Designed primarily for cases when the pilot is incapacitated or unable to land the aircraft, Safe Return turns the Vision Jet into an autonomous air vehicle. The system uses all available resources to find the nearest suitable airport to land safely. The transponder is automatically set to 7700, with advisory radio broadcasts made on air traffic control and Emergency Guard frequencies. During the emergency recovery, passengers are informed of the time remaining to landing. Once on the ground, the Vision Jet brakes itself to a stop on the runway.

It should be noted that operation of Safe Return is predicated on good GPS data, and degraded operations can result if there are aircraft system failures.

This revolutionary enhancement provides an additional layer of safety to operations of the Vision Jet, which was itself a Collier Trophy winner in 2017.

As Bergwall strapped into the right-hand pilot seat, I reacquainted myself with the Vision Jet’s flightdeck.  When I had first sat in the type four years earlier, I noted that the flightdeck was “arranged in a somewhat unique manner”. The forward panel was unlike any aircraft I had flown before, looking like it came from a car of the future.

Over the intervening years the design has grown on me. It is anchored by two 35cm GDU 1400 display units, for the primary and multi-function flight displays. A bolster forward of the screens gives the flightdeck its unique look, with three GTC 580 touchscreen controllers placed below it. The number one (leftmost) screen also serves as a standby flight display. The AP control panel is placed below the controllers, with the single thrust lever (TL) on the small centre console.

Vision Jet G2+ cockpit

Source: Cirrus Aircraft

Cockpit layout enables first-row passengers to access emergency autoland button in the event of pilot incapacitation

Engine start controls are located just forward of the sidestick. Placing the engine knob to RUN and depressing the engine button initiated the start sequence. The FADEC-controlled start was essentially automatic, with the pilots monitoring for an abnormal start. Time to IDLE was 25s, with interstage turbine temperature peaking at 655°C (1,210°F); well below the 1,000°C start limit.

The flaps were set to the take-off setting (50%) before the taxi to San Jose’s runway 30L. Taxiing the Vision Jet would turn out to be the hardest task I would perform on the preview flight, owing to its fully-castoring nose wheel. Cirrus ecosystem pilots are used to this, but for me it was a bit of a learning curve, especially as the Vision Jet tried to weather vane into the 13kt (24km/h) crosswind. However, by the time we reached the runway I had gained confidence in my ability to keep the G2+ on taxiway centrelines.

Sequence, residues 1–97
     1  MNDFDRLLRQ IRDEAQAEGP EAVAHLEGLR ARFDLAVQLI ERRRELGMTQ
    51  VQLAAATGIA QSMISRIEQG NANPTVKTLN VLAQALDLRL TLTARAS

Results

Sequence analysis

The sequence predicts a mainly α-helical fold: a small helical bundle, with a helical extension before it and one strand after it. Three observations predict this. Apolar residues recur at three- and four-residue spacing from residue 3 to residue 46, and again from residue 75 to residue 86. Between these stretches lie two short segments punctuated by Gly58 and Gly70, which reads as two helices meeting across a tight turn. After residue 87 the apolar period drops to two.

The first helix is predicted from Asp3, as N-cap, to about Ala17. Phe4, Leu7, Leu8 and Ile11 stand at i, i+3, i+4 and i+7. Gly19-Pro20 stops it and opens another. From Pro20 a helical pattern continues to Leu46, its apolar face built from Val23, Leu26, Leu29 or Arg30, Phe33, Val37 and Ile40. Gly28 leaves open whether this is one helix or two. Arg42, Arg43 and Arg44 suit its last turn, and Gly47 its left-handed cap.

Before lining up on the runway, Bergwall reviewed take-off contingencies. Response to an engine failure would be guided by altitude. Below 600ft AGL: land straight ahead; between 600ft and 2,000ft AGL: deploy the CAPS; and above 2,000ft: initiate an air start while turning towards an emergency landing field.

Vision Jet CAPS hatch

Source: Ken Hall

Nose-housed rescue parachute system is among industry-leading safety features

Cleared for take-off, I advanced the TL to the full forward take-off (TO) detent. On the 24°C day TO power stabilised at 98% of rated (SL STD Day). Differential braking was used to maintain the centreline until the rudder become effective at around 40kt indicated airspeed. At 85kt, a moderate aft pull was needed to establish the 5° nose-up TO attitude.

Pitch trim easily removed yoke force changes caused by flap retraction during acceleration through 115kt. At 5,000ft, I retarded the TL to the MCT detent, (62% thrust for that day) and established a 150kt en route climb. I referenced the flight director’s (FD’s) ‘Highway in the Sky’ boxes to keep the Vision Jet on the published ground track and at desired climb speed.

During the climb I engaged the AP and familiarised myself with the Perspective Touch+ flight deck. Time to level off at 31,000ft was slightly over 25min. During the climb, temperature was about 10°C hotter than standard. With three occupants, book data for the G2 showed the time needed as 32min, so our G2+ had reached its operating ceiling 6min sooner than its predecessor.

The first leg of my preview flight was to Bishop, California. Increased TO thrust is the main performance improvement offered by the Gen 2+, unless you are glued to a screen. Bishop sits at 4,124ft mean sea level (MSL), at the northern end of the Owens Valley, and forecast high temperatures would make it an ideal place to demonstrate the G2+’s increased performance.

Cruising at 31,000ft en route to Bishop I left the TL in the MCT detent (34% thrust), to see how fast the G2+ would go. After 5min of slow acceleration, it settled at 188kt indicated airspeed. Cirrus lists 305kt for high-speed cruise, but this is predicated on standard day temperatures. On our test day it was 10°C hotter, yet our true airspeed was 313kt (Mach 0.52). Fuel flow was just 65gal/h. As with the climb performance, Cirrus had under-promised and over-delivered.


While in cruise I also noted the 6.7psi/462hPa delta p pressurisation system was maintaining a cabin altitude of 8,000ft, comparable to that of many airliners at cruise altitude. I also took off the noise-cancelling headset to assess ambient flightdeck noise level. It would be a bit of a stretch to compare it to my flight four years ago, but I did note that we could converse easily over the background noise.

Vision Jet G2+ rear seating

Source: Ken Hall

Configuration options include three-seat rear row